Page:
- The Washington Times - Saturday, October 25, 2003

As of last week more than 100 members of Congress had traveled to Iraq since major fighting ended, and their evaluations of the situation have helped President Bush as he pushes Congress this week to complete action on the $87 billion request to fight the war on terror and rebuild Iraq.

Most noticeably, some who voted last year against authorizing the president to go to war are now strong supporters of spending the money to rebuild Iraq, and they said visiting the country made the difference.

“You bet it did,” said Rep. Amo Houghton, New York Republican, who was part of a bipartisan House delegation that was in Iraq from Oct. 7 to Oct. 9. “I didn’t think we should do it in the first place, but once we did it, we’ll be in terrible shape if we get out of [Iraq].”

Mr. Houghton and seven other lawmakers — another Republican and six Democrats — who voted against the resolution last October authorizing the president to go to war, have now voted for Mr. Bush’s spending request following their trip to Iraq.

Others were convinced to support the president’s request that the $20 billion reconstruction money be a grant, rather than a partial loan. One of those was Sen. Larry E. Craig, Idaho Republican, who was one of the first Republicans to support loans but who, after seeing Iraq first-hand, was convinced the nation needed a grant.

“His time on the ground in Iraq definitely influenced that [decision],” said Craig spokesman Will Hart.

At least 20 congressional delegations — codels, in Capitol Hill-speak — have visited Iraq since May 4, just after the president said major combat was over. Following their return, lawmakers have said it’s had a profound effect on how they viewed the president’s request for funding and on how they see chances for success.

“I think we are all more optimistic about the ability of the Iraqi people to put it all together,” said Rep. William M. “Mac” Thornberry, Texas Republican, who led a nine-person delegation that returned last week.

Several Democrats said they decided to support the spending bill before their trips. But they said being in Iraq did convince them how much the rebuilding aspect is tied to the security of U.S. troops in Iraq.

“It really persuaded me how important the economic rehabilitation package is,” said Sen. Mark Dayton, Minnesota Democrat.

On the other hand, three Democrats who traveled to Iraq, meanwhile, voted for the use of force but against the spending bill.

One of those, Rep. Jane Harman of California, the top Democrat on the House Intelligence Committee, told Fox News Sunday last week her vote could be seen as a protest against the administration.

“I don’t regret my war vote, but my vote against the $87 billion supplemental yesterday, or three days ago, was a vote against having no plan going forward in Iraq,” she said.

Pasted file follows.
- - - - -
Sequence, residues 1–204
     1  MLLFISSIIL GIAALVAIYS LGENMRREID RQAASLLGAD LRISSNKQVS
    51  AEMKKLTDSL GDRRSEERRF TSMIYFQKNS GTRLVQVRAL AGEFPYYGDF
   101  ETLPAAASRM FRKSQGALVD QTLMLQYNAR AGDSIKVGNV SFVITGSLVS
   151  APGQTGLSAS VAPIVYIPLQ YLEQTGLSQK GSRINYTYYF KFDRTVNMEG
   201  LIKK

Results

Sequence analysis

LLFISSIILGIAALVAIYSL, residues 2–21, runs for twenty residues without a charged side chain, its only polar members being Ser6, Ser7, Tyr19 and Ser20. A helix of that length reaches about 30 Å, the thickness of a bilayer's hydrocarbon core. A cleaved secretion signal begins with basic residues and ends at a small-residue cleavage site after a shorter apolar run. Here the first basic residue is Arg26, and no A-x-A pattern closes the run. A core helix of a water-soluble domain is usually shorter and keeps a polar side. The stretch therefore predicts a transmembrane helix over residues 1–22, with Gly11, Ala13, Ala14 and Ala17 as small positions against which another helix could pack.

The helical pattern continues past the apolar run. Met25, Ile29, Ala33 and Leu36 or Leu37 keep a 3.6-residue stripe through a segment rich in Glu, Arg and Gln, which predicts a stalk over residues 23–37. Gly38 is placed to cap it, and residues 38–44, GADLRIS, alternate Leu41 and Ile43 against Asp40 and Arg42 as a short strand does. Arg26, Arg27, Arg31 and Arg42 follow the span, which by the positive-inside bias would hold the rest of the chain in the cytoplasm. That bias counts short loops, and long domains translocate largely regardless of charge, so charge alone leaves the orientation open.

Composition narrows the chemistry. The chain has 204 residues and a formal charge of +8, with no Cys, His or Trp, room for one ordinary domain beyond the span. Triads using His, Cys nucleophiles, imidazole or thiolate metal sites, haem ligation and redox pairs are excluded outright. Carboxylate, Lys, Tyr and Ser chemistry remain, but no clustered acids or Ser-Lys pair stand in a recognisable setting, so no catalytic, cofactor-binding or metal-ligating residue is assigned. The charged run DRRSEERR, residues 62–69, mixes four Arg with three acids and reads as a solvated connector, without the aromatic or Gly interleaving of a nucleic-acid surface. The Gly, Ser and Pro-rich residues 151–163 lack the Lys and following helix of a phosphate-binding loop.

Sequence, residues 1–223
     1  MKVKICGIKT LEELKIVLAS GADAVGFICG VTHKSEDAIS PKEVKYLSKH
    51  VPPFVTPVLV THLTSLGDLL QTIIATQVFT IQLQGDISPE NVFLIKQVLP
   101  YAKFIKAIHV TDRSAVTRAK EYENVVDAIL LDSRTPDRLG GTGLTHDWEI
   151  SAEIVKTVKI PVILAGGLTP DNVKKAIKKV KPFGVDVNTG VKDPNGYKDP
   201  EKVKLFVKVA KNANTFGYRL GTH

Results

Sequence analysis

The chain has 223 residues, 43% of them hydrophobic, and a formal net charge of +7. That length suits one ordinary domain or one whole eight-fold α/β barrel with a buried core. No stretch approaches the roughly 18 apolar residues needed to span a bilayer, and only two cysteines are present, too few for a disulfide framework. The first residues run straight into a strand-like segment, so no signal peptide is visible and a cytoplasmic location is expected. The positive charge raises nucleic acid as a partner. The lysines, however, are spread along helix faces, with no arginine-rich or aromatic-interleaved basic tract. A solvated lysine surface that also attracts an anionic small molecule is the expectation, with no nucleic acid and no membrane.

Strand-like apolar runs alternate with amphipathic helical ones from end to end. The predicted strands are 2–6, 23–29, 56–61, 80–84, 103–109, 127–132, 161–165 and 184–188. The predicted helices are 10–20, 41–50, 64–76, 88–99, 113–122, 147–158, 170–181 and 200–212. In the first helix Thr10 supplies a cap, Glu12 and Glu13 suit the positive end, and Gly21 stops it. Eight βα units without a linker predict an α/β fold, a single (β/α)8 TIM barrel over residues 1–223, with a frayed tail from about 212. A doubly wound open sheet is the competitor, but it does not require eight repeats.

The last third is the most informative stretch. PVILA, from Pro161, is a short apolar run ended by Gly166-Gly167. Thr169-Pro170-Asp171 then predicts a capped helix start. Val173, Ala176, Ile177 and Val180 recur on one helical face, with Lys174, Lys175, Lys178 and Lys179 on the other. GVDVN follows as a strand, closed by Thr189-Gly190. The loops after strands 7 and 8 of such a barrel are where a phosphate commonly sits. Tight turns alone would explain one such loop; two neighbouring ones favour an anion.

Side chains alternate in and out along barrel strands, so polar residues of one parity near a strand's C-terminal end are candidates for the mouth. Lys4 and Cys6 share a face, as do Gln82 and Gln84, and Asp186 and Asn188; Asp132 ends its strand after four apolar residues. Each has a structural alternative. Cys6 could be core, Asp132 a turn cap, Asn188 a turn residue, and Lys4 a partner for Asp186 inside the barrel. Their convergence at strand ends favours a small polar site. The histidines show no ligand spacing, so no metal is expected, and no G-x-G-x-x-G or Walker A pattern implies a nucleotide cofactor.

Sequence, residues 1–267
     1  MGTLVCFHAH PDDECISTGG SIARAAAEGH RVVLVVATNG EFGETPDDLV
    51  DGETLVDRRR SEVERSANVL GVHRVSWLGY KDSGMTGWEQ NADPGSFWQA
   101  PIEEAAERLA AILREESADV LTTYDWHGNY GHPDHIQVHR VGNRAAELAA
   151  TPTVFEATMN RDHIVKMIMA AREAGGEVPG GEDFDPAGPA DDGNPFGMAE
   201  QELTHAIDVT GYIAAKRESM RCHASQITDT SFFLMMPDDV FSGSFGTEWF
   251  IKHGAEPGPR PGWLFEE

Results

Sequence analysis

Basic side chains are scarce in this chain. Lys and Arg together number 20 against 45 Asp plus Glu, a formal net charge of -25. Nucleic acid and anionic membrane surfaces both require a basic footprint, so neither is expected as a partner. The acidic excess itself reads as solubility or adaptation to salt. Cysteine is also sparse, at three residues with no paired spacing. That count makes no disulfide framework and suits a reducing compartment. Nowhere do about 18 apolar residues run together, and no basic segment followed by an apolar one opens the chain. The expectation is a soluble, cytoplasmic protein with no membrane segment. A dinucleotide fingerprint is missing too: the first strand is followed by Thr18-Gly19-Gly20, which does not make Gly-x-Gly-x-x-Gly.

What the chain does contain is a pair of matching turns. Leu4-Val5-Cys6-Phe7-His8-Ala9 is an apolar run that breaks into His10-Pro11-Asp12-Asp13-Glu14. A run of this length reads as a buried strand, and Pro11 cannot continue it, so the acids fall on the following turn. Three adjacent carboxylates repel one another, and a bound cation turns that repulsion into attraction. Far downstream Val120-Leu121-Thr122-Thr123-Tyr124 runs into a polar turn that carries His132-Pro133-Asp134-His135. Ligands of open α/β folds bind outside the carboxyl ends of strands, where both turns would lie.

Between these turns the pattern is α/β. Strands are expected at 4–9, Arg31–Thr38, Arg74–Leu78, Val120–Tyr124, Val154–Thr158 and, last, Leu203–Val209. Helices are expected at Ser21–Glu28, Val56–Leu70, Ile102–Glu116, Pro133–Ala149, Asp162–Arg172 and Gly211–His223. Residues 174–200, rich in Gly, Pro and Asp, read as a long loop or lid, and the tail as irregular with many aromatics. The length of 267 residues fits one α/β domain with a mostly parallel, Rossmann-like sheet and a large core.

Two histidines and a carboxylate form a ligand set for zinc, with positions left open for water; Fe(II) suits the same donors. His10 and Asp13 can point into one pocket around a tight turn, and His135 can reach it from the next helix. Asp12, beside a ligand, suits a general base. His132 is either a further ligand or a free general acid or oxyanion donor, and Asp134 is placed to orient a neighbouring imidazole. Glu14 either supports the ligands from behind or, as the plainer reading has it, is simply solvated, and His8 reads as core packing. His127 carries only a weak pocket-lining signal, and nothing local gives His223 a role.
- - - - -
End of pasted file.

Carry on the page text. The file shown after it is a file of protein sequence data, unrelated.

Many of those who have traveled to Iraq have made a point of visiting with troops from their home states or districts, and checking on their needs.

The trips have also given lawmakers the expertise to tweak the president’s spending request. After hearing first-hand about the lack of body armor vests and properly armored Humvees, lawmakers adjusted the president’s bill to cover those expenses.

The Senate also voted to raise Army troop strength in Iraq by 10,000 soldiers — a need driven home to supporters after seeing how dependent the Iraqi operation is on National Guard and Reserve troops.

House Republican Conference Chairman Deborah Pryce of Ohio said the eyewitness accounts members have returned with have been critical to the debate.

But Ms. Pryce, who departed for Iraq as the leader of an all-female delegation this past week, said delegations can also shape the debate in Iraq. Her delegation’s focus is encouraging the role of women in the new Iraqi government.

“What we want to do is encourage and inspire these women to get involved, and encourage the male members of the government to make female appointments and get women involved from the very first stages,” she said.

Mr. Thornberry said he was slightly concerned that so many delegations were a small burden to the military forces on the ground, since each delegation requires security.

But he said his trip was very valuable to him, and said one important part was the chance to gauge what other members of the delegation thought about what they saw. Even though not all of those in his group agreed on how well the effort was going, they all came away from Iraq saying U.S. success is critical.

Rep. Barron P. Hill, Indiana Democrat, who was part of Mr. Thornberry’s group, said he voted to authorize the use of force last year and for the spending bill this year, but both were reluctant votes.

“Going into the trip I felt it was nearly impossible to pull this [reconstruction] off,” he said. “Being over there I concluded maybe, just maybe.”

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